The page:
Pinkston News Service— New research by Prudential finds that one quarter of all American workers want to change their jobs immediately after the pandemic ends, while 48 percent of American workers want to change their job type altogether. The report further found that 53 percent of people would change industries if they were confident they could be retrained.
There is no denying that American workers are eager for change. After more than a year of seismic shifts in the American economy, many of them brought on by the coronavirus pandemic, Americans have departed significantly from the status quo. Already by September of last year, about half of Americans were saying that their lives were permanently changed by the pandemic.
But the pandemic has also provided many Americans with more time to reflect on their lives and consider what they truly want to do. Americans are in a prime position to make major life decisions, like changing their job type or industry. Pastor Tim Yee, author of “Finding Your TruCenter,” a six-week small group study program for the TruMotivate personality self-assessment tool by Barna Group (https://www.barna.com/trumotivate), thinks that the time is right for millions of Americans to dig down and reconnect with their deepest motivations.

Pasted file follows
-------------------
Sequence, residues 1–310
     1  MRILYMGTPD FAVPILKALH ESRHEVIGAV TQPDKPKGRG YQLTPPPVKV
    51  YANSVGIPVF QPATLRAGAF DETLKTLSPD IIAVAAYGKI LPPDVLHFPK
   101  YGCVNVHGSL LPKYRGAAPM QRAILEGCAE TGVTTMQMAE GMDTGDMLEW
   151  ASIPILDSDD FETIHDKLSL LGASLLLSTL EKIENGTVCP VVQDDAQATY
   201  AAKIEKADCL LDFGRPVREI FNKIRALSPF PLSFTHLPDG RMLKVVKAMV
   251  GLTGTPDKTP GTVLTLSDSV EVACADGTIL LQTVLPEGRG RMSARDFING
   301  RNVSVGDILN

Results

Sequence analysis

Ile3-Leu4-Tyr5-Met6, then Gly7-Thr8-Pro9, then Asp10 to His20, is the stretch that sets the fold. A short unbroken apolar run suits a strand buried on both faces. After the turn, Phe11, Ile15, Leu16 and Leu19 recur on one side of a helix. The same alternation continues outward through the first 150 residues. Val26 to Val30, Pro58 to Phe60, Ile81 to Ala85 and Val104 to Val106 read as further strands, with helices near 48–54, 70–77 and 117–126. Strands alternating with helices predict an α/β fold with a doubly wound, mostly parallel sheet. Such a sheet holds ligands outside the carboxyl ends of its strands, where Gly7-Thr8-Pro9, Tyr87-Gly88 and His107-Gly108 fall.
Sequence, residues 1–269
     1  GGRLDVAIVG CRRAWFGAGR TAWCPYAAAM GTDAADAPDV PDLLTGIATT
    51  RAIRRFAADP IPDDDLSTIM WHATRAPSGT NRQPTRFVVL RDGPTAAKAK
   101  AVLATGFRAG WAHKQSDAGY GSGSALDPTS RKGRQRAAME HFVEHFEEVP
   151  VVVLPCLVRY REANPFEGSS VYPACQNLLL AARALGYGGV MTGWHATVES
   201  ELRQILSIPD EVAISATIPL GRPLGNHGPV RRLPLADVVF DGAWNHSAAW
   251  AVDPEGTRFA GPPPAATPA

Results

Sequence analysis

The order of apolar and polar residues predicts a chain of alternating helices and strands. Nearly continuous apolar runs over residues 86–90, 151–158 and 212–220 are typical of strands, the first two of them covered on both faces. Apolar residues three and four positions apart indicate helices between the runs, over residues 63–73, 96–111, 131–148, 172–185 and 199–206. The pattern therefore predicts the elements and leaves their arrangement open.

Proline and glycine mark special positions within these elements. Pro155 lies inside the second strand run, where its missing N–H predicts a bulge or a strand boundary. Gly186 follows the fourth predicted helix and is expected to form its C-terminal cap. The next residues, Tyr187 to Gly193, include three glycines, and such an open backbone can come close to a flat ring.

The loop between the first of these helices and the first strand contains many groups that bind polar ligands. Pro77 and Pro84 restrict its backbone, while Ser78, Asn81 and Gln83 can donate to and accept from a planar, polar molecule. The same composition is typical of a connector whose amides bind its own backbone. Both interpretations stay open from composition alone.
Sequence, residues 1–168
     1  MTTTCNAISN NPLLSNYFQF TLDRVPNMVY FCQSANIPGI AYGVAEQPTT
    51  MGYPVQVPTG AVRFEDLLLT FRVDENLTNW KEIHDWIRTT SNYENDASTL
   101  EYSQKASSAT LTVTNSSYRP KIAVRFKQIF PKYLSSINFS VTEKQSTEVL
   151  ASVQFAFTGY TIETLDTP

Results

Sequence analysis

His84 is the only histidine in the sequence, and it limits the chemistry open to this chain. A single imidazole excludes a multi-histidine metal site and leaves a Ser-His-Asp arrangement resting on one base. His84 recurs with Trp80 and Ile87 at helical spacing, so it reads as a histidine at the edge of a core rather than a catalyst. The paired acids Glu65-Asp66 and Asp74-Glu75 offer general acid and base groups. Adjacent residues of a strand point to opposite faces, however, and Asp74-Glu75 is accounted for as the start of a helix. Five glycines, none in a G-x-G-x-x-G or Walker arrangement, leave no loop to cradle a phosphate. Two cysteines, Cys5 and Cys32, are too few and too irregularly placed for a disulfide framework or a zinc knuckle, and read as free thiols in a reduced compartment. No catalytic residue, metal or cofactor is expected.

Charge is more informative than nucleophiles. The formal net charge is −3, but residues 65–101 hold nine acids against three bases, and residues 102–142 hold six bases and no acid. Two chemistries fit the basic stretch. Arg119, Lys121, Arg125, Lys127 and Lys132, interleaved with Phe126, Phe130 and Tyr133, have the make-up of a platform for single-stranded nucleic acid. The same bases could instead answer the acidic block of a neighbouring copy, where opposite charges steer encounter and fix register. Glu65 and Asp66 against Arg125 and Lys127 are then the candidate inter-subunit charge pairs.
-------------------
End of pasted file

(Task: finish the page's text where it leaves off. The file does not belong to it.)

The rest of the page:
“The COVID-19 pandemic has sparked a huge movement of change in the way people think,” said Yee. “People today are thinking a lot more about the why behind what they do. In this context, it’s more important than ever before that people learn to ask the right questions and access the deep-seated motivations that truly drive them.” Yee thinks that asking different questions may help Americans make better life changes after the pandemic.
By last year, Americans were the unhappiest they had ever been in 50 years, with only 14 percent of U.S. adults saying they were “very happy.” For Yee, that’s a red flag. “Understanding your core motivations can help you approach your job in a new light. Perhaps you don’t necessarily need to change your job, or perhaps you do. But knowing your motivations helps you to find a deeper purpose in your work, whatever it is.”
To Yee, one of the biggest problems with the way most Americans approach major life decisions is they fail to find the intersection of what they are good at and what they love to do. “Based on past Barna research, we know that Christians who find high satisfaction in their work are twice as likely to find high satisfaction in their lives. I believe this applies whether someone is a Christian or not. We’ve seen a direct connection between satisfaction in work and satisfaction in your overall life,” said Yee.
To find that satisfaction, Americans need to take time to connect with what they really value and identify what will make their lives meaningful. For many, that can be their faith traditions, local communities and families, or even just their longest-held dreams. The important thing, according to Yee, is to find what gives you a sense of calling and purpose, and then pursue it with passion and a sustainable plan.